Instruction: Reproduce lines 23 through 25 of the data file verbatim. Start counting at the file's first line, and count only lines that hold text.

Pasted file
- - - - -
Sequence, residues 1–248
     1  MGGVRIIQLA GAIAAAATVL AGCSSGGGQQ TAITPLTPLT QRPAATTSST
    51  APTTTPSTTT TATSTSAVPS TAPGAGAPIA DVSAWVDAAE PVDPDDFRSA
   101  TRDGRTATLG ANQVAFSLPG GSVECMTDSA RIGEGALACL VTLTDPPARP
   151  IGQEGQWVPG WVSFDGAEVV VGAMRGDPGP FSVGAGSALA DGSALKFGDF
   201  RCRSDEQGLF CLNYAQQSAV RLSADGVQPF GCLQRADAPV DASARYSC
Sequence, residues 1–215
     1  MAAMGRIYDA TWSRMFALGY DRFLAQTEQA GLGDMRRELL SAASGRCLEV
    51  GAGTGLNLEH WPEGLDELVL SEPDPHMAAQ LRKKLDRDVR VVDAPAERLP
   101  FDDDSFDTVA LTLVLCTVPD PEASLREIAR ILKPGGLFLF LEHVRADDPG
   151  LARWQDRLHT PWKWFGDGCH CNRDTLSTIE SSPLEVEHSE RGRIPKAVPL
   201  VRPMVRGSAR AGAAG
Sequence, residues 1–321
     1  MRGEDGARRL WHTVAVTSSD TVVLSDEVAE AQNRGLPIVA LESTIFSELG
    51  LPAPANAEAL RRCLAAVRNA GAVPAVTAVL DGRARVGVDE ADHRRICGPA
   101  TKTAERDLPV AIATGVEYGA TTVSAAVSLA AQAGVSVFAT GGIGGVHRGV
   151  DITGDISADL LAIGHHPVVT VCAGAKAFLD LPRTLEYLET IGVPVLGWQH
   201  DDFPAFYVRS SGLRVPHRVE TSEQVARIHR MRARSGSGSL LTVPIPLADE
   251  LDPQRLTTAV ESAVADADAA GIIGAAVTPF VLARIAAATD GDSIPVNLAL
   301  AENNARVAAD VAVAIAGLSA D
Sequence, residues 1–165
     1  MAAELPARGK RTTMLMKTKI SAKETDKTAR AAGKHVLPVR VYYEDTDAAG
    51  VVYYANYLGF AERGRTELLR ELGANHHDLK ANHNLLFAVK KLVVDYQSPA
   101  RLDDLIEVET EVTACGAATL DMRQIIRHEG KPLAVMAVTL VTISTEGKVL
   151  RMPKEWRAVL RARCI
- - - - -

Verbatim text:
    51  VVYYANYLGF AERGRTELLR ELGANHHDLK ANHNLLFAVK KLVVDYQSPA
   101  RLDDLIEVET EVTACGAATL DMRQIIRHEG KPLAVMAVTL VTISTEGKVL
   151  RMPKEWRAVL RARCI